[quote]Bill Roberts wrote:
As I thought: you had no evidence that “that system will break down sooner.”
Further you failed to realize that overeating – excess total amount per day – is a totally different matter than eating the correct amount divided into a different amount of meals, and therefore not only does your citation show nothing regarding your claim that the “system will break down sooner” even in the case studied, but that the case studied had no bearing in any case.
You also know nothing of how zoo animals are kept.
I did learn something though: I hadn’t known they had Internet access under bridges. Wi-Fi?
Bill Roberts wrote:
…and since her digestive system is ‘on’ all day, as is her parasympathetic system (to keep digestion going), that system will breakdown all the sooner.
Not unproven “reasoning,” but evidence?
Google Scholar not working for you today?
“The overfeeding-induced changes in autonomic outflow occur with typical symptoms such as adiposity and hyperisulinemia. There might be a causal relationship between autonmic disturbances and the consequences of overfeeding and obesity. Therefore studies were designed to investigate autonomic functioning in experimentally and genetically hyperphagic rats. Special emphasis was given to the processes that are involved in the regulation of peripheral energy substrate horneostasis. The data revealed that overfeeding is accompanied by increased parasympathetic outflow.”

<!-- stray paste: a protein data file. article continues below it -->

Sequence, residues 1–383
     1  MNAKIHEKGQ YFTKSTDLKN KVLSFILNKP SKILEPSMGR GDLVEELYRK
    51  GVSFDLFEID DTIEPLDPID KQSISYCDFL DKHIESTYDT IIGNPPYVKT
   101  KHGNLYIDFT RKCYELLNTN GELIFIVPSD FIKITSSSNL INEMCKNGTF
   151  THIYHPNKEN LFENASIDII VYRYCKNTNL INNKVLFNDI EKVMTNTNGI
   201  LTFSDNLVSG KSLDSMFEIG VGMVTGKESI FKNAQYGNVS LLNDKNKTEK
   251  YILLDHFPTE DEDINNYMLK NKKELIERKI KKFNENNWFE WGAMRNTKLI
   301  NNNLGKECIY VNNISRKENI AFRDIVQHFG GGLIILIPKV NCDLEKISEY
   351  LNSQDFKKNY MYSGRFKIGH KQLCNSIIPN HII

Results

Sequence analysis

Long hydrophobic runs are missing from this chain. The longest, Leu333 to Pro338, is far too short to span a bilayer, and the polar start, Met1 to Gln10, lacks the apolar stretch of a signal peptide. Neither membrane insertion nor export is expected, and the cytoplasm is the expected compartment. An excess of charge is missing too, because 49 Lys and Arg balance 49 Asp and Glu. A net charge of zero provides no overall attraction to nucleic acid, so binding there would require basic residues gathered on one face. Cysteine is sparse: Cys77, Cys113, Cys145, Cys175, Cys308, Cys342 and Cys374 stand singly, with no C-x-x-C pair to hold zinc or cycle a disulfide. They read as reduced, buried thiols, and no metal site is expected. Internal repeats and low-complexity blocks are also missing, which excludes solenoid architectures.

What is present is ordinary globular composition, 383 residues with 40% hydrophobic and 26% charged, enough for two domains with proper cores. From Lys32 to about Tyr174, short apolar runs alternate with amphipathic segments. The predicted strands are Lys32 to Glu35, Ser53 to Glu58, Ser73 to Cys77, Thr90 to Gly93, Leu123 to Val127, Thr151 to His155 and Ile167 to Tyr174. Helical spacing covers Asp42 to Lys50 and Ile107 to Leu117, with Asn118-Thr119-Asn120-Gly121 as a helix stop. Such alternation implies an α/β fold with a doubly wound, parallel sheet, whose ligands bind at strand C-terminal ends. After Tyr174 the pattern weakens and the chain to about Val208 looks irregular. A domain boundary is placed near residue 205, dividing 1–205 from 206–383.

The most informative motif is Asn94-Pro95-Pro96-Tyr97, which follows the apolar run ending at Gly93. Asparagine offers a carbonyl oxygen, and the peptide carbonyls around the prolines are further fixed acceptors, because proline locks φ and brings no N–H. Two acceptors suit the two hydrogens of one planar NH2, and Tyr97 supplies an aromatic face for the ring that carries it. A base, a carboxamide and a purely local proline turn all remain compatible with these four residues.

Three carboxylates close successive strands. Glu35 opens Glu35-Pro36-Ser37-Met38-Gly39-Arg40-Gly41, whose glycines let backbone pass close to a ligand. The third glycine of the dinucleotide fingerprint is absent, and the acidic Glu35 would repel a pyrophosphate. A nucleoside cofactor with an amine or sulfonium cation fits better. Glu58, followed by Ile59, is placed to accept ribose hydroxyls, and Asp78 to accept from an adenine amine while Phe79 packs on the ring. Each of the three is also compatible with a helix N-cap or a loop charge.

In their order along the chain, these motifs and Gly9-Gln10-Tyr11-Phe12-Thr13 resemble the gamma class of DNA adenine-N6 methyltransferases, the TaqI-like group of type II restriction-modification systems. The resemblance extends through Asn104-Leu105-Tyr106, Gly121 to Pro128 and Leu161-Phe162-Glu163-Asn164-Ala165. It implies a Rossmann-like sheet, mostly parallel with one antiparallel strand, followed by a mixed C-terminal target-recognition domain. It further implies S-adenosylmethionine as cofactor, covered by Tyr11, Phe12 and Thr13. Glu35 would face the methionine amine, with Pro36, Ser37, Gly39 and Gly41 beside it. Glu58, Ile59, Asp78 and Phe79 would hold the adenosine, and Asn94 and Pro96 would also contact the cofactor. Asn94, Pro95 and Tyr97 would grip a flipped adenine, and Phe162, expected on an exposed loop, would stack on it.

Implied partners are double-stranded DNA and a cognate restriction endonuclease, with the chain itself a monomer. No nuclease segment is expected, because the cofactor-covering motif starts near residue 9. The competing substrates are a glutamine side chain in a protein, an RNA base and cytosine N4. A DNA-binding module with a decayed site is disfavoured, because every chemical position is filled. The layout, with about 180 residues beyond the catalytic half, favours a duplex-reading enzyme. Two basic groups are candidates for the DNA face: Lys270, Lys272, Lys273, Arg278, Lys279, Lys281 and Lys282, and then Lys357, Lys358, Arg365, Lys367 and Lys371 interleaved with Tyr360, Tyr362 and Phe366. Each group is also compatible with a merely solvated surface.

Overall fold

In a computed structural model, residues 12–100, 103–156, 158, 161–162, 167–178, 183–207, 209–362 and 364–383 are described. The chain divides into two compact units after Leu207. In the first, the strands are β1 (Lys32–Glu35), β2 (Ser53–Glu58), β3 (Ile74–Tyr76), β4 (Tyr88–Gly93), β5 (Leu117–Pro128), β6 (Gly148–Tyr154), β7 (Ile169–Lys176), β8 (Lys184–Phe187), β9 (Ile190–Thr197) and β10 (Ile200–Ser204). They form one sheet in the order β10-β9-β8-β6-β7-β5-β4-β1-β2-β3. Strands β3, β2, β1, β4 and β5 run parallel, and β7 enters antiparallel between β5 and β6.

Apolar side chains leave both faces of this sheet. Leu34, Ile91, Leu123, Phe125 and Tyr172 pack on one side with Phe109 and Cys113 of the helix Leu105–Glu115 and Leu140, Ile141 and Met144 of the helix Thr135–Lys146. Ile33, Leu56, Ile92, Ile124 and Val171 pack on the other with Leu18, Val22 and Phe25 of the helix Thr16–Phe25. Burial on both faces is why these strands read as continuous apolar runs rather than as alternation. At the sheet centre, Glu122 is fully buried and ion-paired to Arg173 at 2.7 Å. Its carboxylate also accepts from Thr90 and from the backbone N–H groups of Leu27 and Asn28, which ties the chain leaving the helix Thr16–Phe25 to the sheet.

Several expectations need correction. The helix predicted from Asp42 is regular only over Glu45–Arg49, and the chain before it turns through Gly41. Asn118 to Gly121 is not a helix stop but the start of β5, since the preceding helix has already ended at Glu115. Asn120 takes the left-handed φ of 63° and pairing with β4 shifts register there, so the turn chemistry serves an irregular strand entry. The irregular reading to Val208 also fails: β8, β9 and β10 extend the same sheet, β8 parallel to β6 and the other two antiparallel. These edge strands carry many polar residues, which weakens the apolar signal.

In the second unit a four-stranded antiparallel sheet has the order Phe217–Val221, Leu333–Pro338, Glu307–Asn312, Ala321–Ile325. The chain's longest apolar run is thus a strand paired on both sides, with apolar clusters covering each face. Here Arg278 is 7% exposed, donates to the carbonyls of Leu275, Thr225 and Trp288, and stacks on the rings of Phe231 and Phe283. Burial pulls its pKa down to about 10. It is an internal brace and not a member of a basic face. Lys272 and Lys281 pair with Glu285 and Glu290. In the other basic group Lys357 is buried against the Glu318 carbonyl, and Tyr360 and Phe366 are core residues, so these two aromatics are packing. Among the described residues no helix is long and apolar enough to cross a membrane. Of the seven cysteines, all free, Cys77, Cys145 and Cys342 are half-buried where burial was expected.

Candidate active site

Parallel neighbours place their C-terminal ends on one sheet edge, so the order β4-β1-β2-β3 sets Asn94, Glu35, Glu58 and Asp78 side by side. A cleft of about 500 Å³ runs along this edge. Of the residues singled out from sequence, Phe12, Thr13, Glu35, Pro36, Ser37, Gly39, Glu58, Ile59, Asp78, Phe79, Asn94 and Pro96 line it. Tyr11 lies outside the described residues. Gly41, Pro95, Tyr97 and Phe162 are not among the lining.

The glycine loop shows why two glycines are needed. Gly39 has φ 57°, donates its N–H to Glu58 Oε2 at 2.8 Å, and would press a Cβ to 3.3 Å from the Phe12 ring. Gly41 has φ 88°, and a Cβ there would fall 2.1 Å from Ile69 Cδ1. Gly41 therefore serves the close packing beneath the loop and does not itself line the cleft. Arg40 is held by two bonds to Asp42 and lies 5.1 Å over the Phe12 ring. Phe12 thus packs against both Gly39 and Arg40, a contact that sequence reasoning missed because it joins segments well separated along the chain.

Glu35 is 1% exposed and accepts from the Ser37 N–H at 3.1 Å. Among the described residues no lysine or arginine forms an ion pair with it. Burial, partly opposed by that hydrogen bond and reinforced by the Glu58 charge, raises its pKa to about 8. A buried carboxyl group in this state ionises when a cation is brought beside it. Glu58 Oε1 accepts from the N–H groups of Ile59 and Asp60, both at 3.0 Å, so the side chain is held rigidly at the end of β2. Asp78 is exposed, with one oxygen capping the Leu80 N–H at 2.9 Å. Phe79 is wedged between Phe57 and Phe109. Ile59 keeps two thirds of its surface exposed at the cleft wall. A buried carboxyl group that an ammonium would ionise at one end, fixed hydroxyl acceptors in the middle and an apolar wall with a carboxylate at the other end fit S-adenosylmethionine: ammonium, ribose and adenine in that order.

“In models for hyperphagia that display a continuously elevated nutrient intake such as the VMH-lesioned and the overfed rat, this increased sympathetic tone was accompanied by a diminished NE response to exercise. This attenuated outflow of NE was directly related to the size of the fat reserves, indicating that the feedback mechanism from the periphery to the central nervous system is altered in the overfed state.”
Of course, you COULD simply go to the zoo and look at the poor predator animals who’re constantly fed — their glazed eyes and constant sleeping. They’re fed constantly to reduce their natural hunting instincts. (Its a crime to keep predator animals locked up, IMHO.)
Hmmm…perhaps that’s why WE are fed constantly. Fat and jolly people are easier to rule than lean hungry predators. That’s food for thought!
Yeah, I kind of thought that the study listed would be beyond you, that constant feeding fucks up the sympathetic/parasympathetic loop. Ah well, go ahead and keep chugging down the non-stop food. You sure know that humans were meant to eat all day long! LOL! Happy grazing!!